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plaribus

D3D for Game Engines, the Inclusion Factor

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Haven''t posted anything here in quite a while... Anywho, I''m trying to write a basic D3D engine in C++. Basic, as in it doesn''t need to be the all-time best gaming engine ever made, just good enough to have a terrain map and run around in it (maybe with some farm animals). It will be Windows platform obviously, but I may make it cross-platform in the future by incorporating SDL or OGL. Question 1: Many of the examples I''ve seen of D3D based renderage has taken place from a combined D3D/Windows Application data class. If you''ve looked at the DirectX SDK, you probably know what I''m talking about, it goes by the name of "CD3DApplication" (d3dapp.h), ATI, in their crazyness, actually uses the same class in their demos... Is this common practice, common demo practice, or is it just common practice if you know you''ll never EVER write a cross-platform version of the program? Question 2: Assuming you said "Common practice? What is this tom-foolery?!!" to the first section. How would you separate out the classes? Windows application class with a D3D class inside, a D3D class derived from a Windows application base class, etc. If you don''t want to take the time to write out an explanation you can just clicky link me a website/tutorial or a recommend a good book. Don''t be afraid of using "advanced c++ techniques."

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quote:
Question 1:
Many of the examples I''ve seen of D3D based renderage has taken place from a combined D3D/Windows Application data class. If you''ve looked at the DirectX SDK, you probably know what I''m talking about, it goes by the name of "CD3DApplication" (d3dapp.h), ATI, in their crazyness, actually uses the same class in their demos... Is this common practice, common demo practice, or is it just common practice if you know you''ll never EVER write a cross-platform version of the program?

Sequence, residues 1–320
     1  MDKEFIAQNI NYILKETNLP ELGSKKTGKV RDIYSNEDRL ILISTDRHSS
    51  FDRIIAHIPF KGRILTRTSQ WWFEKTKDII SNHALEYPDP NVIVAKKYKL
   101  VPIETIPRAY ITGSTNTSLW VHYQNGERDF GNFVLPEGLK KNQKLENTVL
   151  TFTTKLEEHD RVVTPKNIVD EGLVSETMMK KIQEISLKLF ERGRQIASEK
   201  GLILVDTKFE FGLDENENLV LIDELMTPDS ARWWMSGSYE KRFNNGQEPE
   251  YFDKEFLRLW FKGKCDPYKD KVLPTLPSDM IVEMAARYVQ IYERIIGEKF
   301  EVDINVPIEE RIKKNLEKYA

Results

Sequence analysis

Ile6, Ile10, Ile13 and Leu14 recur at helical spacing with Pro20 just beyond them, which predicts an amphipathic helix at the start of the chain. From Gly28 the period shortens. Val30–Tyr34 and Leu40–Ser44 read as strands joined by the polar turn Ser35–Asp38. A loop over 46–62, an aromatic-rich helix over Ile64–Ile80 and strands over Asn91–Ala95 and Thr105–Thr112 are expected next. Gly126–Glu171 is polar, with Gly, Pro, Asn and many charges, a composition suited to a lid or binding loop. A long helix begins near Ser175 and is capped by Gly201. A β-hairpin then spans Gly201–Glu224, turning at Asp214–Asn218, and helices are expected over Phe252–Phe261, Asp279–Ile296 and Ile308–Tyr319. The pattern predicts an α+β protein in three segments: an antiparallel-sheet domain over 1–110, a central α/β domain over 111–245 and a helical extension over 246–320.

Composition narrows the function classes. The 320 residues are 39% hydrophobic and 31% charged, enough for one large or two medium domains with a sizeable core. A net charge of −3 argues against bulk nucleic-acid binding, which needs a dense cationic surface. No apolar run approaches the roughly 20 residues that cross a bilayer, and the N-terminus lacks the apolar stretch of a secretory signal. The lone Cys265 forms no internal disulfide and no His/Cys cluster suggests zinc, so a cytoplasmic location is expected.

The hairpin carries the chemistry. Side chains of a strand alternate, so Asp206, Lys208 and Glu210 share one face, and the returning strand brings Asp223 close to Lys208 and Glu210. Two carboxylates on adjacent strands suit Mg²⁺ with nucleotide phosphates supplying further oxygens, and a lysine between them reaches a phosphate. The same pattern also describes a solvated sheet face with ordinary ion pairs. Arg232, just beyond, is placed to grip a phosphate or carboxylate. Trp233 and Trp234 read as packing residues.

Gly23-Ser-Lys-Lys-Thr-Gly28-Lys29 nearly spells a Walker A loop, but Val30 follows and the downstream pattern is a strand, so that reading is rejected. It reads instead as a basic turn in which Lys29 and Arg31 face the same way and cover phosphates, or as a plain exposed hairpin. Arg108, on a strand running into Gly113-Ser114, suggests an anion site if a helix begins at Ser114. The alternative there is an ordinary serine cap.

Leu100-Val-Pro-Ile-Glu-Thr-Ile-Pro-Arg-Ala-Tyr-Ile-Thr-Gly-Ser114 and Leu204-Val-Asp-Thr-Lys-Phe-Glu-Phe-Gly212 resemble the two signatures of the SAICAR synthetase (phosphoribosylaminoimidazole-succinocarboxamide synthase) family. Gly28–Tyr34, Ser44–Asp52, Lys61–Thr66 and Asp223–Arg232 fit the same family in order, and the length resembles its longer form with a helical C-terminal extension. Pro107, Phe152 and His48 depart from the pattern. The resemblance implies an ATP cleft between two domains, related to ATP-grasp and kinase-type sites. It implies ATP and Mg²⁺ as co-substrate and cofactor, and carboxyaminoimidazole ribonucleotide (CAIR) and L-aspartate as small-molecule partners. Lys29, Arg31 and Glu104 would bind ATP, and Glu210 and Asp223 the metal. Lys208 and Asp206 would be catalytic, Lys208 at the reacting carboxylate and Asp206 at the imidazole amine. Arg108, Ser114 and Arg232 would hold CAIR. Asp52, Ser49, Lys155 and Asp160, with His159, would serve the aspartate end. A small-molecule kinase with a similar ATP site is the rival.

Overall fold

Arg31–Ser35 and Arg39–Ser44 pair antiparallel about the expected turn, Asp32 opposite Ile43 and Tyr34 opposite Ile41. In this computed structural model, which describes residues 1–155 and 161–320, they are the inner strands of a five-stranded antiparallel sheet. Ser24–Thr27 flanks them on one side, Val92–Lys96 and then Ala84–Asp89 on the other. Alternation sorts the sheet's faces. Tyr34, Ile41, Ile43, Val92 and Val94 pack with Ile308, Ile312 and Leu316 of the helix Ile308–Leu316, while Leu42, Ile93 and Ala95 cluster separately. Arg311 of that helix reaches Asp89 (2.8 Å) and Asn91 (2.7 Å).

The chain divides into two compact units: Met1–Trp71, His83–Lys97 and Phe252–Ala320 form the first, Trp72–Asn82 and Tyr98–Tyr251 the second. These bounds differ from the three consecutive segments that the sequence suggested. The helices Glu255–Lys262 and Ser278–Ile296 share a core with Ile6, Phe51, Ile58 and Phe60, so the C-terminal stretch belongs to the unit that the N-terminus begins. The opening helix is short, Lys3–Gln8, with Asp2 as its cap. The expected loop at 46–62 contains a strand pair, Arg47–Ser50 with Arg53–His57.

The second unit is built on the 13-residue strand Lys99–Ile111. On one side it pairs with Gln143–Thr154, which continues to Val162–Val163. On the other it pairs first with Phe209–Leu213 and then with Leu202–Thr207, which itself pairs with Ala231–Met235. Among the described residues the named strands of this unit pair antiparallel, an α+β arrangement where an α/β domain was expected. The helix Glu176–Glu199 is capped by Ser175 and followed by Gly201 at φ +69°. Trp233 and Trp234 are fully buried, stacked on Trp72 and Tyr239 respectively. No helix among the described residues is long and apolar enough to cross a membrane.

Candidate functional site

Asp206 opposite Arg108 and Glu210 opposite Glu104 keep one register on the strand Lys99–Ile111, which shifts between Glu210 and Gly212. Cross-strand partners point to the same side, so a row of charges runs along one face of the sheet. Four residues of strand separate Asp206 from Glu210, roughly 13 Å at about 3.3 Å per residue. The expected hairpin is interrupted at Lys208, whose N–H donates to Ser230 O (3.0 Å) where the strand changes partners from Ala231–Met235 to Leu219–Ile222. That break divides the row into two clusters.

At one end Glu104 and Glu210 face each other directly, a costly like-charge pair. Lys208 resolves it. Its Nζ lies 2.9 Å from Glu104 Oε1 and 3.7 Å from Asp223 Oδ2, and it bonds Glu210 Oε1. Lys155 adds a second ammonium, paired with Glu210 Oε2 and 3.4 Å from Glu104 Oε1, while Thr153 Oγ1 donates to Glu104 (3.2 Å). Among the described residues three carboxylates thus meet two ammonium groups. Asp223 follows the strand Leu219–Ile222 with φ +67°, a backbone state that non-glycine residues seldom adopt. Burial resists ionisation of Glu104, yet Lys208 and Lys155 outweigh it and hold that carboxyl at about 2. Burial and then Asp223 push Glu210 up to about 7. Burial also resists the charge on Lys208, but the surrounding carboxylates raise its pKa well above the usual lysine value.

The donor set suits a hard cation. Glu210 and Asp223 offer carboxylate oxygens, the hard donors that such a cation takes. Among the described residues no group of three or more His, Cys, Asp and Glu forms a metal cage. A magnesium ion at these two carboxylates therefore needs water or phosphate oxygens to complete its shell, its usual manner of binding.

I really won''t use it. That is there just to make the code look as simple as possible. I really won''t recommend starting with that, or you''ll get burned out trying to find out where all the code is placed. If you write all the stuff yourself, you can be more organized and possibly more optimized.

quote:
Assuming you said "Common practice? What is this tom-foolery?!!" to the first section. How would you separate out the classes? Windows application class with a D3D class inside, a D3D class derived from a Windows application base class, etc.

It is very easy, especially if you know basic windows programming. Just go download the code off the net of some simple example. It really shouldn''t be more than 100 lines of code in one file.

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